28 Jan 2008

Courts to sort Jehovah's Witness blood battle when kids involved

Brandon Sun - January 27, 2008

Canadian Press

VANCOUVER - They were not much bigger than an outstretched hand when they were taken from their parents and given blood transfusions against their parents' will and religious beliefs.

The surviving four B.C. sextuplets have returned home but the fight is not over for their parents and it's not over for Canadian courts.

Two key battles, one in the Supreme Court of Canada and the other in B.C. Supreme Court, could soon give clearer directions on what are often decisions of life and death.

It's an issue that has deeply divided families, the courts and society in general.

Religious parents want to be reassured they can make decisions for their children and not have them taken away, while governments are compelled to protect those same children from risk.

In the B.C. case, the four extremely premature babies were seized and transfused with blood when doctors for the B.C. government convinced the court they wouldn't survive otherwise.

The lawyer for the parents argued in court last week that the government didn't have the right to simply seize the children without the parents questioning the medical necessity of the blood transfusions and the court agreed to hear the case.

Final arguments in the hearing will be heard next month.

Jehovah's Witness say under the authority of the Bible they cannot accept blood transfusions.

It was for the same reason that a 14-year-old girl in Manitoba, known only as A.C., refused a blood transfusion to treat gastrointestinal bleeding due to Crohn's disease.

Manitoba's Director of Child and Family Services went to court and won an order authorizing doctors to given her blood transfusions without the consent of her parents.

The Manitoba Appeal Court judgment, where the girl and her parents lost again, shows the difficulty of these decisions.

"This case highlights the conflict between such societal values as personal autonomy, the sanctity of life and the protection of children," it says.

The country's highest court will weigh in on the issue this year.

The Supreme Court of Canada is expected to hear the appeal of the A.C. decision this May.

Even with direction from the high court, Deborah Carlson, a lawyer representing Manitoba's Attorney General in the trial, said each case involving a child's refusal of health care will likely end up in court because the circumstances are never the same.

"What the Supreme Court hearing will do...often times (it) gives guidance to the lower courts," Carlson said in an interview.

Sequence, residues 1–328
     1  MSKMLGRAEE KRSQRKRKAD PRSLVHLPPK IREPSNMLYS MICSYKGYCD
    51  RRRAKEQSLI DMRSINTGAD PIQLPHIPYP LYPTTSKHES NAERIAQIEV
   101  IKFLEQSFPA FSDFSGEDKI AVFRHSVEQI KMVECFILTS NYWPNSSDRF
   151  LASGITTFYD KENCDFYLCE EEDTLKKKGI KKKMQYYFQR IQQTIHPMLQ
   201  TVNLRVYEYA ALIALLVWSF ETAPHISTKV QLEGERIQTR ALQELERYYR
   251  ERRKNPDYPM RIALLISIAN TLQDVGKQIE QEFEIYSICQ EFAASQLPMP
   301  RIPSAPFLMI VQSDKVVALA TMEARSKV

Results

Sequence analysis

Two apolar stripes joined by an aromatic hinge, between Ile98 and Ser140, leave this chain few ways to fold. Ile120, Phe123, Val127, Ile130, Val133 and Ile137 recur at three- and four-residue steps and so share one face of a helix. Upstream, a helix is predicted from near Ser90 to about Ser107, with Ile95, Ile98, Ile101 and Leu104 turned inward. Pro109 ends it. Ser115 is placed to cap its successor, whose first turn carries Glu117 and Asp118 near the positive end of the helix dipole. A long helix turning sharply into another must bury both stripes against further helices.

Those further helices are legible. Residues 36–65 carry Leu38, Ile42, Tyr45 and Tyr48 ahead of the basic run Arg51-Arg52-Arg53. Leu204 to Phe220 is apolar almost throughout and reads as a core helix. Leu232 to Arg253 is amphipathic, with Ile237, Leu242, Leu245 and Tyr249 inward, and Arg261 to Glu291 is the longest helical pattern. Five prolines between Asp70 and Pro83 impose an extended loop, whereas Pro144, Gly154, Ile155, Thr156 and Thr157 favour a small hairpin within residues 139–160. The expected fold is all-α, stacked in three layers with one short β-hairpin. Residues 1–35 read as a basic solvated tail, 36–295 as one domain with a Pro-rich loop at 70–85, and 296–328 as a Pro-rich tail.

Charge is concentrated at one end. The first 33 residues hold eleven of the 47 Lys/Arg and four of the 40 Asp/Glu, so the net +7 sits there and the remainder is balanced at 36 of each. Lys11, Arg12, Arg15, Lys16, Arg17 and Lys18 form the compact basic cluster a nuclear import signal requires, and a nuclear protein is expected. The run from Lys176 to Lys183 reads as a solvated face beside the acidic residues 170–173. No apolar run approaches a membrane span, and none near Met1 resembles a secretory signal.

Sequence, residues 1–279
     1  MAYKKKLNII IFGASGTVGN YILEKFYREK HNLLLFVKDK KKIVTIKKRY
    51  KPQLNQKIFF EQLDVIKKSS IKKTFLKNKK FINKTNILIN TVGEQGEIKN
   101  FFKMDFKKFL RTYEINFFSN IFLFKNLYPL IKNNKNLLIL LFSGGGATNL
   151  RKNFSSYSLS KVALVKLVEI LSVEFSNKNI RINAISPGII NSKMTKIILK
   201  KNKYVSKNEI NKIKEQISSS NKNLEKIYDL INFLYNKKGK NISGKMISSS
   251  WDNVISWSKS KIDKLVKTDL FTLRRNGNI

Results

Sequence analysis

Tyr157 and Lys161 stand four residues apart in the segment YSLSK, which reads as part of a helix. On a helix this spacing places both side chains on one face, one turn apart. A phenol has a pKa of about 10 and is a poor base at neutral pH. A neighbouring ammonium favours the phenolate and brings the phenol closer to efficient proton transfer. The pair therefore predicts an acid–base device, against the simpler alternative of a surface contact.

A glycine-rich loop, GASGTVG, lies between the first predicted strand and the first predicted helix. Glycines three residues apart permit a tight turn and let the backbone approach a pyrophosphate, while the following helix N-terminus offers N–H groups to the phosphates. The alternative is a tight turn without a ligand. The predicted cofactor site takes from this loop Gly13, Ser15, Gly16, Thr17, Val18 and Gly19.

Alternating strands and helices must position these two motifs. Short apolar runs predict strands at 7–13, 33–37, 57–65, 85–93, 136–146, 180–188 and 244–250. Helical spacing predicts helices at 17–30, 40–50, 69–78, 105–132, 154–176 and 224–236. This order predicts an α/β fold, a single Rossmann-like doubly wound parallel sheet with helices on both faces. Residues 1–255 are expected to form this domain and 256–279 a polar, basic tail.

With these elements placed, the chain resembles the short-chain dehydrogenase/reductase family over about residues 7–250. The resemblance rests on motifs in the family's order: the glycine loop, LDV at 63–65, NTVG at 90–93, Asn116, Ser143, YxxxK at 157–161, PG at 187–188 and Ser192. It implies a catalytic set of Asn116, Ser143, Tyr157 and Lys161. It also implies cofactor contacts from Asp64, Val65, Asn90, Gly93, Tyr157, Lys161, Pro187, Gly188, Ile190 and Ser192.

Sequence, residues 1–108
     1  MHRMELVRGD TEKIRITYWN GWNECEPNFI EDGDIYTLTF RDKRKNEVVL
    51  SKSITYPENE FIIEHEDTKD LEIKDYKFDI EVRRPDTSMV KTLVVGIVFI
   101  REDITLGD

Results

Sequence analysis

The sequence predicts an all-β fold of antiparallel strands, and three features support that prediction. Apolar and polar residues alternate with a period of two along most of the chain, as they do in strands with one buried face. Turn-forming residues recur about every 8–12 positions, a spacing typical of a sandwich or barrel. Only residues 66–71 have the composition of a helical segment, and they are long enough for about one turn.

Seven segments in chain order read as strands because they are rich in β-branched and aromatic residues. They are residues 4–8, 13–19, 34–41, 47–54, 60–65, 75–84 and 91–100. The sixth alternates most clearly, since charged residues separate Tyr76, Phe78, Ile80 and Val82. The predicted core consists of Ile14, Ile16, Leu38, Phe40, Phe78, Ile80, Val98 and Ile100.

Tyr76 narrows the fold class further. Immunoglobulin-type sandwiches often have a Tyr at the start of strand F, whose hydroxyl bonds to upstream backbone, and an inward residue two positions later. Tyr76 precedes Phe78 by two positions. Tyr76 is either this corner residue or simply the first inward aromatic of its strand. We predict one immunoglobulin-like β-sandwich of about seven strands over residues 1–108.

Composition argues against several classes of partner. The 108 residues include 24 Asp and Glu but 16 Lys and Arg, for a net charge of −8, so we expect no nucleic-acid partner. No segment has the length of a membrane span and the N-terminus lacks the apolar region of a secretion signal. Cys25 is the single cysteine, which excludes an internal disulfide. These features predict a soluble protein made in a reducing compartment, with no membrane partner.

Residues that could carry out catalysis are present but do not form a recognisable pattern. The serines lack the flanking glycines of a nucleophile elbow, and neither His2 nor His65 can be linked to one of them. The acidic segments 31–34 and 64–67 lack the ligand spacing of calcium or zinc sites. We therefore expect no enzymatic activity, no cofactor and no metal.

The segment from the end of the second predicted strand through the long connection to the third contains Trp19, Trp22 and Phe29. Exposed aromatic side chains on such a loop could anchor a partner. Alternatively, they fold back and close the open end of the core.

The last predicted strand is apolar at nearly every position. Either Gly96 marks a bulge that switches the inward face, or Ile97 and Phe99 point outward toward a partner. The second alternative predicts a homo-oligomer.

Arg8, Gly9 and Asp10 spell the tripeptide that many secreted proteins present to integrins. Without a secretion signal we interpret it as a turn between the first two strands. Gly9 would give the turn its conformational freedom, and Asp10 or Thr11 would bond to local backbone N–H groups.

John Burns, a lawyer for the sextuplet parents, said people often mistake the refusal of blood for refusal of medical care.

"These are not like some parents, perhaps in certain parts of North America, that resort to prayer and faith healing; they want medical treatment," he said in an interview.

Burns, who is also Jehovah's Witness, believes fewer of these cases are going through the courts because medical science, such as bloodless treatment, is catching up with their beliefs.

However, Prof. Arthur Schafer, director of the Centre for Professional and Applied Ethics at the University of Manitoba, said the state usually doesn't intervene in a parent's autonomy unless it's a life-saving situation.

He believes the Supreme Court of Canada could establish a question for the lowers courts to ask that may help settle the issue.

"Is this the decision that a loving, a reasonable parent could make?" he asked. "And if the answer is 'no loving and reasonable parent would make this decision,' then you intervene."

Carlson doesn't think the solution is that simple.

"I think that the Jehovah's Witnesses would be very offended by that notion that because you have certain religious values you're not a loving parent," she said.

But for parents, these court fights aren't about religion, Burns said.

"They're thinking about treatment. Which is what they should be thinking about," he stated. "Religion from that standpoint, you want to accommodate, we live in a diversified religious society, which we respect."

Burns said the Krever Inquiry into Canada's blood system has shaken up the assumption that blood is always safe and these parents are simply looking for an alternative.

Schafer said no matter what the high court rules these cases will likely continue to funnel through the courts.

"We will because society has an obligation to protect children," he said.

While the courts long ago decided that adults can refuse treatment, he said society won't view children in the same way.

"You could follow your wacky views right over the cliff, if it's you and you're a competent adult," Schafer said. "But you can't push your kids over the cliff."

Schafer argues that in the case of the 14-year-old girl who risks being an outcast from her Jehovah's Witness community, the decision to have a blood transfusion would be very difficult.

"Don't underestimate the coercive power of, not just one's immediate family, but all the friends of one's family, all one's relatives, the people they see in Sunday School.

This is a life and death issue," Schafer said.


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